Fighting Informality in Segmented Labor Markets. A General Equilibrium Analysis Applied to Uruguay
AbstractAs in other Latin American countries, labor informality in Uruguay mainly affects less educated workers, who are also more vulnerable to poverty. We analyze the impact of some policies against informality in Uruguay, applying a general equilibrium model with a segmented labor market specification. We simulate two sets of policies: payroll tax cuts and increased enforcement in the informal sector. Both sets of policies are effective in reducing informality, but the effect on poverty is not straightforward. Poverty falls as informality is reduced; however, as enforcement policies increase hiring costs for informal firms, wages of low-skilled workers decline and poverty increases.
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Bibliographic InfoArticle provided by Instituto de Economía. Pontificia Universidad Católica de Chile. in its journal Latin American Journal of Economics-formerly Cuadernos de Economía.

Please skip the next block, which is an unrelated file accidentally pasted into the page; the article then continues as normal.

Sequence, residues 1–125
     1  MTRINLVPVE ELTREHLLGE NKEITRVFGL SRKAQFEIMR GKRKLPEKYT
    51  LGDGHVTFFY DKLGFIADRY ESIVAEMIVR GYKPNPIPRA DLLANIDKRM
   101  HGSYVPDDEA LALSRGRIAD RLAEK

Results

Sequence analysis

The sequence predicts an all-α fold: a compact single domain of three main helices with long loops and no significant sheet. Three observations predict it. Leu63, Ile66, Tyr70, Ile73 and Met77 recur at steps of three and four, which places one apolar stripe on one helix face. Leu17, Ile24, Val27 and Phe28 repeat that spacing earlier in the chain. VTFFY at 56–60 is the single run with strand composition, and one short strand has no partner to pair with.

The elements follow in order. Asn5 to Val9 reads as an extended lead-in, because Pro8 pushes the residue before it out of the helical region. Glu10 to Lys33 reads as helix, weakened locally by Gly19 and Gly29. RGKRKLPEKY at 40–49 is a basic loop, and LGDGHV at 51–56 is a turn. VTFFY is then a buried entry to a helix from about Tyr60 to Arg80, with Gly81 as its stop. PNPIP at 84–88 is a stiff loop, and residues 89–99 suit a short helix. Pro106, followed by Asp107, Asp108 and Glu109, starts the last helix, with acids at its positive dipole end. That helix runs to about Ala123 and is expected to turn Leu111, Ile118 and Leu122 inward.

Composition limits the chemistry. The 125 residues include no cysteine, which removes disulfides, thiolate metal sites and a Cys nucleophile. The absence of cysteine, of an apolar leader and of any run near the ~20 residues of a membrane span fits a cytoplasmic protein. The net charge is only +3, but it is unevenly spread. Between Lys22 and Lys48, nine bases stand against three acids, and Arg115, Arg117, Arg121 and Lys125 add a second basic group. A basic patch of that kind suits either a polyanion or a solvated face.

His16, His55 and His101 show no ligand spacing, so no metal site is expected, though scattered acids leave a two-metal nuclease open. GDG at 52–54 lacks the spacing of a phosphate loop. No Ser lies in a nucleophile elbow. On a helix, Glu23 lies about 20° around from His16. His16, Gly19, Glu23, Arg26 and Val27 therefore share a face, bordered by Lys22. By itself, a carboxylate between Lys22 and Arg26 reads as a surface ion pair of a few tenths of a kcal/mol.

Volume (Year): 48 (2011)
Issue (Month): 1 ()
Find related papers by JEL classification:
- D58 - Microeconomics - - General Equilibrium and Disequilibrium - - - Computable and Other Applied General Equilibrium Models
- I32 - Health, Education, and Welfare - - Welfare, Well-Being, and Poverty - - - Measurement and Analysis of Poverty
- J08 - Labor and Demographic Economics - - General - - - Labor Economics Policies
- J42 - Labor and Demographic Economics - - Particular Labor Markets - - - Monopsony; Segmented Labor Markets
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- Estrades, Carmen & Terra, María Inés, 2012. "Commodity prices, trade, and poverty in Uruguay," Food Policy, Elsevier, vol. 37(1), pages 58-66.
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